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Impact Of Climate Change On Forest Fires (AskNRCan)

On this episode of AskNRCan, Scientists Yan Boulanger and Sylvie Gauthier talk about how forest fire behavior and frequency are impacted by a changing climate.


Joel Houle: Welcome everyone to Ask NRCan – our podcast series where we sit down with our experts to talk about an aspect of the work that we do here at Natural Resources Canada, or NRCan for short. Today, we’ll be talking about forest fires. Specifically, we’ll be asking ourselves the question “Is climate change having an impact on forest fires?”

Before we start, I just want to mention that we call this series Ask NRCan because we want to hear from you. The purpose of the show is to share with you not only the type of science that we do but also why we do it. So, at the end of the episode, if you have any questions on this topic, head to Twitter and tweet at us using the hashtag “#AskNRCAN”. Our experts will do their best to answer all relevant questions.

Sounds good? Ok, let’s do this!

[theme music]

Today, we are joined by Sylvie Gauthier and Yan Boulanger:, two research scientists from the Laurentian Forestry Centre in Sainte-Foy, Quebec. Sylvie and Yan, how are you? 

Yan Boulanger: Hi!

Sylvie Gauthier: Good, yourself?

Joel Houle: Good, thank you. Let’s just dive right in. Can you explain to us the type of research that you do involving climate change and forest fires?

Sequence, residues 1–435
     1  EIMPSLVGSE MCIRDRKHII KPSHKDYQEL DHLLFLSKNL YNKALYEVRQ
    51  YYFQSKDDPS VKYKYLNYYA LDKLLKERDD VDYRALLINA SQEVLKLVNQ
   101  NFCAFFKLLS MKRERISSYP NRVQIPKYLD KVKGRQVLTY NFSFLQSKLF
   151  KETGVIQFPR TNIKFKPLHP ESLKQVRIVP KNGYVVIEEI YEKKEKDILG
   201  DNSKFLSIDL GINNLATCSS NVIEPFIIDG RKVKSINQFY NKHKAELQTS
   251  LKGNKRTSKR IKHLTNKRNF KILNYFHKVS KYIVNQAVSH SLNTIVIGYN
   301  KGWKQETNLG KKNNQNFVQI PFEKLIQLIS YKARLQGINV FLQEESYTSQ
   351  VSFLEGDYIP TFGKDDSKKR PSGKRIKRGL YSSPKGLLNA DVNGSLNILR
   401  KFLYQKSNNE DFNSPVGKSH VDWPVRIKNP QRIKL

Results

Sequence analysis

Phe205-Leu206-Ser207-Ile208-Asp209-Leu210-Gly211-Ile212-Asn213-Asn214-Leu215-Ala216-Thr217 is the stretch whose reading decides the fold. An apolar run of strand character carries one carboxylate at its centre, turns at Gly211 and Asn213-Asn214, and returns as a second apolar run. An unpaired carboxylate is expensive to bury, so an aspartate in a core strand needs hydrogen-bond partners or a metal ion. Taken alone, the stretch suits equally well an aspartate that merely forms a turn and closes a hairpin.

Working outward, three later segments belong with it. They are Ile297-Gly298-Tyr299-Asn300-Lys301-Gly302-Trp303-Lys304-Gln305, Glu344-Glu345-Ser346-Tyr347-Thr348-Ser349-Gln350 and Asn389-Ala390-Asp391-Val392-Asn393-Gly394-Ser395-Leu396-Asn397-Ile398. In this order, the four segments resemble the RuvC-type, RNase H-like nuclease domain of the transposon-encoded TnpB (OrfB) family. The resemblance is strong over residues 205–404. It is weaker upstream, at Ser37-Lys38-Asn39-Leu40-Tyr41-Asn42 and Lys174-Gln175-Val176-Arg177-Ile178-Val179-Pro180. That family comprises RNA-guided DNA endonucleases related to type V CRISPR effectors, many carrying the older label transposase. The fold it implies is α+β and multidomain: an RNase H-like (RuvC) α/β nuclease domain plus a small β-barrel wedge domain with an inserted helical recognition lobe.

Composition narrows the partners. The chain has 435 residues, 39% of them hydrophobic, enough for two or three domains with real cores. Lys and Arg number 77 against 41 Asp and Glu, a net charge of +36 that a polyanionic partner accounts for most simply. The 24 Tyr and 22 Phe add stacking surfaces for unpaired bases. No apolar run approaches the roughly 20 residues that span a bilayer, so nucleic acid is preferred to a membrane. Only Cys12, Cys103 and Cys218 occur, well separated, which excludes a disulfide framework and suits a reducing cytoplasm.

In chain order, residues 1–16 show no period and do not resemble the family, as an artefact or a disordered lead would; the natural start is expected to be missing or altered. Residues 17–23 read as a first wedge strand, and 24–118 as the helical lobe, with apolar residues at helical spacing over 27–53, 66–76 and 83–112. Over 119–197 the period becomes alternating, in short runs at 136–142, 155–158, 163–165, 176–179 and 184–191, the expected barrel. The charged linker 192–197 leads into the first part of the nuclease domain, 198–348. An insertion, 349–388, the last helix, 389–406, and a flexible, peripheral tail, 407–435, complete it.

Yan Boulanger: Yeah, for sure. As you were mentioning, we’re looking at the impacts of climate change on the fire regimes all across Canada. You know, fire is really impacted by things like temperature, precipitation, drought, winds, and of course those parameters will change with the climate change that we will face in the next decade. We’re projecting an increase in temperature, a very small increase in precipitation. This increase will not compensate for the increase in temperature all across Canada. The conditions will be much drier and, of course, conducive to fire all across Canada. Our cities are projecting an increase in fire activity all across Canada, about two to four times than what we’re experiencing right now. Because the climate conditions will be much more conducive. Also, because the fire season will lengthen a lot from the spring and also in the fall in some places. So, we’ll see a great increase in annual burns all across Canada, especially in the boreal part of Canada.

Sylvie Gauthier: The impact of this change in fire regime will also impact the current harvesting levels across the country and will also impact the communities that live in the forest; particularly in the boreal forest, for the native and non-native communities are there. Also, a number of infrastructure and industries, for example the gas industry, the roads and the electricity power lines.